The medicine prize goes to David Julius and Ardem Patapoutian. They discovered the genetic basis for transmission of temperature and touch signals to the brain. Our brains perceive the conditions from the external world through sensors all over the body and the signals from the sensors end up in the brain. Helping us to avoid destruction by the elements. Whether it is a pungent smell or bad odor or hot environment or a friendly touch, the brain knows and helps. Basically, proteins on the surface of the cells help in such a detection and signalling the brain. Called receptors, TRPV1 is such a receptor to detect temperature. Similarly, Piezo1 and Piezo2 receptors detect touch. Proteins are synthesized, one amino acid at a time, using the information stored in a gene.

The Literature prize goes to  novelist Abdulrazak Gurnah. He was born in Zanzibar (present day Tanzania) and migrated to England as a refugee during a civil war in his homeland. He portrayed the picture of colonialism and the fate of the refugee in the gulf between cultures and continents. He wrote ten novels including “Paradise”, “Memory of departure”,  and “Pilgrim’s way”.

The Economics prize goes to David Card, Joshua Angrist and Guido Imbens. Card did natural experiments to determine the impact of increasing minimum wages on unemployment. The natural experiments are conducted in situations which occur by themselves, not the ones  forced like the testing of a vaccination on a subset of the population. Card found that unemployment and wages in Miami did not change when Fidel Castro let Cubans migrate to the US in 1980. Joshua Angrist and Guido Imbens showed what conclusions about cause and effect can be drawn from natural experiments. Results of such experiments may not be palatable to political parties of all hues !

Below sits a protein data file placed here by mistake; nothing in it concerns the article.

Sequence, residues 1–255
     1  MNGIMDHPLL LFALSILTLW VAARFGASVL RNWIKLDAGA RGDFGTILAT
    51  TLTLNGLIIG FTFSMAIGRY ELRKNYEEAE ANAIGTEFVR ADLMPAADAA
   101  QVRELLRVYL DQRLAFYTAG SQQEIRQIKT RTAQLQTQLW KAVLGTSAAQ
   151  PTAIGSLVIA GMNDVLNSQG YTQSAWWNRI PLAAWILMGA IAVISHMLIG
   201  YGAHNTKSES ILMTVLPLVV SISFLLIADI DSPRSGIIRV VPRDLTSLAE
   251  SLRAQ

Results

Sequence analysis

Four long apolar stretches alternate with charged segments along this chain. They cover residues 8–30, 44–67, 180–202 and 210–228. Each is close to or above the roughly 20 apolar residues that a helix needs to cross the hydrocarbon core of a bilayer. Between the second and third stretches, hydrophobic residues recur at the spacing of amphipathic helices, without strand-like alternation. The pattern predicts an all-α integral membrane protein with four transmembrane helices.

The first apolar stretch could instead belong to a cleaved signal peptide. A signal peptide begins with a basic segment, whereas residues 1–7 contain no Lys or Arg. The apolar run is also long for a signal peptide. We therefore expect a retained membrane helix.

We are better off understanding the significant work done by the prize winners towards the benefit of mankind. 

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Prasad Ganti

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Navneet Bakshi
Navneet Bakshi(@bakshink)
1 month ago

Hello Prasad Ji- First of all I must thank you for regularly posting articles on this site. I wish, I am striving and I hope that one day, I will be able to provide a good viewership to your posts, though personally I believe that the pleasure of writing lies in writing itself but we are all human beings. Coming to the subject, every year, you post your article after great research and that needs to be appreciated. I believe that the Selection Committee must be working hard but they too must not be above board.They must be having their own biases too. Same is true of every committee. I must read Irving Wallace’s “The Prize” but the writers too for making their novels pot boilers go for a lot of embellishment and hyperbole and same I think is true of what the western media calls as “bold Journalism”. All said and done. Thanks for patronizing this site and let me put Abdul Razzak Gunrah’s work in the queue. 🙂